Thread: fflush(stdin);?!?!

  1. #1
    Registered User
    Join Date
    Dec 2003


    Can anyone help tell me what this does. I came across this in a program and I am unable to understand what it does. Would this be of any help in my programs, or can I live without it. Any help would be greatly appreciated...Thanks in advance.

  2. #2
    Registered User
    Join Date
    Oct 2002
    Next time maybe do a board and google search before asking.

    Hope this help.

  3. #3
    Registered User
    Join Date
    Dec 2003
    I've actually found the same site, and it tells me what it does. but i haven't found out why i need it. everytime i take it out of the program it gets stuck in a loop. Do i only need it if i'm going to scanf something after i've already scanf'd an arrary. once again, any help would be appreciated and thanks in advance for any you can give.

  4. #4
    Registered User glUser3f's Avatar
    Join Date
    Aug 2003
    let's say that you asked the user to input a char, using getchar(), for some reason, the user enter more than one char, later, when you try to read another char, getchar() will return the extra char the user entered, to avoid this, you can use fflush(stdin), after reading the first char, and the second one will disappear.

  5. #5
    and the hat of int overfl Salem's Avatar
    Join Date
    Aug 2001
    The edge of the known universe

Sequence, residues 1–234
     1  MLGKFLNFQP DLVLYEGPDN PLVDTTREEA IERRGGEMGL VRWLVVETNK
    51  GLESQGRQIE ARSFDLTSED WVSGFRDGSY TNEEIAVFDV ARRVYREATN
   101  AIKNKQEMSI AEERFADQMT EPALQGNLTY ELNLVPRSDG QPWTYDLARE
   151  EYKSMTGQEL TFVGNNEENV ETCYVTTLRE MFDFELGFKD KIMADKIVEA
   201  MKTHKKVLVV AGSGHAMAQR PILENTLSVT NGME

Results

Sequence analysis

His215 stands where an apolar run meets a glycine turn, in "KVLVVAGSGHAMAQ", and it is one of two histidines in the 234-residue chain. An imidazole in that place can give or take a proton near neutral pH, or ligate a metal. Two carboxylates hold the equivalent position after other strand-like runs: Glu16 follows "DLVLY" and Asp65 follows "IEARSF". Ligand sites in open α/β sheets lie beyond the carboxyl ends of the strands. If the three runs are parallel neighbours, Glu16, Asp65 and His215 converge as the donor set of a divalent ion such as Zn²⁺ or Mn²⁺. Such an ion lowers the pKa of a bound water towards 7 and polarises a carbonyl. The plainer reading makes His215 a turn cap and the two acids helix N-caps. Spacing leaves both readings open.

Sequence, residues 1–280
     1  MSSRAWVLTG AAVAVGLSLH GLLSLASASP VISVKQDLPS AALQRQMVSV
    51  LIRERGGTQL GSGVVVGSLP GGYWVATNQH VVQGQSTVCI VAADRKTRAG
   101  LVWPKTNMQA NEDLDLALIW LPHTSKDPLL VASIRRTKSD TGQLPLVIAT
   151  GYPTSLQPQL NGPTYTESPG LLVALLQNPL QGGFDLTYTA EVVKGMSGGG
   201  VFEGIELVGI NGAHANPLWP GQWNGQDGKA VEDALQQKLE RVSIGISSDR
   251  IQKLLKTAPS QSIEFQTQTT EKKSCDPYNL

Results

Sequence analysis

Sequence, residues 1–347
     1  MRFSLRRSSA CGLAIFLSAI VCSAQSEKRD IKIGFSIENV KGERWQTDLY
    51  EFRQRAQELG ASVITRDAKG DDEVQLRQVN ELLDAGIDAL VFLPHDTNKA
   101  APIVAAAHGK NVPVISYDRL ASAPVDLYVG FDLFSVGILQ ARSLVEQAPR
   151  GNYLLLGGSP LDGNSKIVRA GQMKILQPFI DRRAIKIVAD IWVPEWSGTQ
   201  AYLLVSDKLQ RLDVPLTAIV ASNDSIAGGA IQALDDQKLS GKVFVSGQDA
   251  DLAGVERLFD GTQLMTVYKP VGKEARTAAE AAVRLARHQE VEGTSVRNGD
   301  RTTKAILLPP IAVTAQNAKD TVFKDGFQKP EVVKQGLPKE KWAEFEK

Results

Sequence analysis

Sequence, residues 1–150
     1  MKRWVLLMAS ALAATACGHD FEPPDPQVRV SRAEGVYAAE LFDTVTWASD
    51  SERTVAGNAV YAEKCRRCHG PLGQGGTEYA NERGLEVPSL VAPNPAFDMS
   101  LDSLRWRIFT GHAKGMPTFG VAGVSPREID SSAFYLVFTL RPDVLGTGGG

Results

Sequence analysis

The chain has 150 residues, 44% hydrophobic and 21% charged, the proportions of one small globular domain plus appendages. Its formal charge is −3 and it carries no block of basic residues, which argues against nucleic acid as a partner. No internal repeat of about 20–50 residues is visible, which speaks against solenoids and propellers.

And why you should not use fflush(stdin) is in the FAQ
    As are a bunch of ideas on better ways to read input which don't involve the messyness of scanf()

    But since you're using C++, perhaps you should consider the C++ equivalents.
    If you dance barefoot on the broken glass of undefined behaviour, you've got to expect the occasional cut.
    If at first you don't succeed, try writing your phone number on the exam paper.

  6. #6
    Code Goddess Prelude's Avatar
    Join Date
    Sep 2001
    >But since you're using C++, perhaps you should consider the C++ equivalents.
    cin's >> operator has the same issues as scanf, but C++ is different in that it has a standard solution equivalent to fflush on stdin:
    cin.ignore ( numeric_limits<streamsize>::max(), '\n' );
    Of course, this doesn't make it any cleaner (it simply isn't undefined behavior).
    My best code is written with the delete key.

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